Movie Review – The Willoughbys
Editor’s note: The views and opinions expressed in this review are solely those of Marlon Wallace and do not necessarily reflect the views and opinions of WBOC.
Lois Lowry is an award-winning and celebrated author who’s now in her 80’s. She mainly wrote children’s books and Young Adult novels or works for teenagers. Lowry has won the Newbery Medal twice. The Newbery Medal is a prize given to someone for children’s literature. Since 1922, there haven’t been that many major motion pictures that have been made of Newbery Medal winners. Examples include the recent Dolittle (2020), A Wrinkle in Time (2018), Mr. Popper’s Penguins (2011), Bridge to Terabithia (2007) and Ella Enchanted (2004). Before the advent of the 21st century, films based on Newbery Medal winners were more scarce. The only notable ones were Sounder (1972) and Old Yeller (1957). Old Yeller wasn’t even a winner. It was merely nominated for a Newbery Medal.
Lowry’s second Newbery Medal went to her 1993 book, which was later adapted into the film The Giver (2014). That film wasn’t too well received at the time. However, that film’s lack of success speaks nothing about the ability of Lowry or her writing, but it not being a blockbuster probably is in part why this film, based on her 2008 book, isn’t another expensive live-action take, although if it were, it’s one that’s more apt for Tim Burton to direct. The animators at Bron Animation, a company formed in 2011, were led by director Kris Pearn (Cloudy with a Chance of Meatballs 2) and Pearn’s team did a fantastic job of realizing Lowry’s book in a way Burton would be proud. Considering if the Academy deems this eligible, it’s currently in the lead for me for Best Animated Feature. It’s certainly the best animated feature I’ve seen since Inside Out (2015).
Ricky Gervais (Extras and The Office) voices a stray cat that looks like a blue-colored British Shorthair, although I think he’s supposed to be a blue tabby. He’s about the color of a blueberry, but he has big yellow-orange eyes. He acts as the narrator of this story. From what I gather, the book didn’t have a cat as the narrator. This seems to be mostly a device injected by Pearn and his team. Gervais though is less narration as he is color commentary. He’s almost like the characters in Mystery Science Theater 3000. He’s watching it and riffing on what’s happening with wry wit and jokes. In fact, if one is familiar with Gervais’ form of stand-up comedy, it’s very much akin to do that, but less ribaldry or “blue comedy” from him. He almost exists as the Genie from Aladdin (1992) but not quite.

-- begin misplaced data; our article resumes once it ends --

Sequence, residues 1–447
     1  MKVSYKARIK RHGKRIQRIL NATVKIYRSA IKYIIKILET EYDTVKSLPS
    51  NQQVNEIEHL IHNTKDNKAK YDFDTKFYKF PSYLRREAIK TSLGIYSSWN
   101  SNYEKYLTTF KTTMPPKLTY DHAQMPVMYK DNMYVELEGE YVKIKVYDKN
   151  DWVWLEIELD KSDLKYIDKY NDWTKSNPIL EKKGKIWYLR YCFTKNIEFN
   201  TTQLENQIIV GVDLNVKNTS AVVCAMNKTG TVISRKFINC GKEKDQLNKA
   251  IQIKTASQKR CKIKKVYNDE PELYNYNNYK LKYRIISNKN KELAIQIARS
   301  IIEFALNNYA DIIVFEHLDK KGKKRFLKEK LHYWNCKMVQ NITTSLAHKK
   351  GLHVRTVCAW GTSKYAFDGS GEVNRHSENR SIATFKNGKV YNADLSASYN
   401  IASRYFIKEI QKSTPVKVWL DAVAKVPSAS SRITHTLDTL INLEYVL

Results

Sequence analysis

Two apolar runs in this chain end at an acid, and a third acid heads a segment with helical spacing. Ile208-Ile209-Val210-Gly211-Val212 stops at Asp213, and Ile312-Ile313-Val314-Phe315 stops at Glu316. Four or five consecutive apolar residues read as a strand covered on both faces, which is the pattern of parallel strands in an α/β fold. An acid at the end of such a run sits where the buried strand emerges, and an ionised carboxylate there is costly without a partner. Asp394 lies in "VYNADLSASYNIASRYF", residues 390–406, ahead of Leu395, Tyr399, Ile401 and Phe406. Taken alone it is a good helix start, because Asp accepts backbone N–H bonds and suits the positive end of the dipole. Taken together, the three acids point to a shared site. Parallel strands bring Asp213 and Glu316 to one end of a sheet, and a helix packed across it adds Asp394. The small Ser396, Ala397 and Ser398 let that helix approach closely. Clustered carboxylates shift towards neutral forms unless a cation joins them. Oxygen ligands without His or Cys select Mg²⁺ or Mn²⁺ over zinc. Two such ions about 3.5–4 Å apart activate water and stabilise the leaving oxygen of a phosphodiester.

The character designs of the humans are cute and adorable. In terms of the rest of the animation, it feels as if Pearn was inspired by one particular character in the story or one particular scene and then decided to pattern the whole film after it. At one point, the protagonists here go to a candy factory and meet a veritable candy man, though in no way like the Clive Barker creation or even akin to the Willy Wonka types of the world. Yet, inspired by that character and his place of business and residence, Pearn has made the entire film a colorful confection.
Will Forte (The Last Man on Earth and Saturday Night Live) voices Tim Willoughby, the eldest child of four. He’s the son of a wealthy couple who are notable as being the worst parents, possibly in the world. With comparisons to Mary Poppins (1964), Tim’s parents would be the opposite of George and Winifred Banks. Calling Tim’s parents snobs doesn’t even begin to describe their self-centeredness and quite frankly their child abuse upon Tim and his siblings.
That aside, Tim and his sister, Jane, voiced by Canadian pop star, Alessia Cara, look like walking lollipops. Tim’s younger brothers who are twins, named Barnaby A and Barnaby B, look like walking gumdrops. What leads them to the candy factory is something that could also be described as sugary sweet, but in a moment of gumdrops being devoured, I was reminded of the video game Pac-Man. It’s a visual gag in a film that is filled with a ton. There’s even a gag that was reminiscent of one in Who Framed Roger Rabbit (1988). The dainty and almost flamboyant nature in the art direction though has to counterbalance Gervais’ at times acerbic one-liners.
However, what goes down in the plot is something refreshing in terms of how it avoids the treacly feeling of a Pixar film, even though I really did enjoy Inside Out. Of course, it builds to a makeshift family message that a lot of children’s films have embraced. The way it goes about it though felt like it was on a track of its own making that didn’t invoke visions of other well-worn tracks. Leaning into Gervais’ style of humor in a children’s vehicle helps. It culminates in a heartbreaking song “I Choose” by Alessia Cara that resonates the emotional final act and certainly made my eyes a littler watery.
Rated PG for rude humor and some thematic elements.
Running Time: 1 hr. and 32 mins.
Available on Netflix.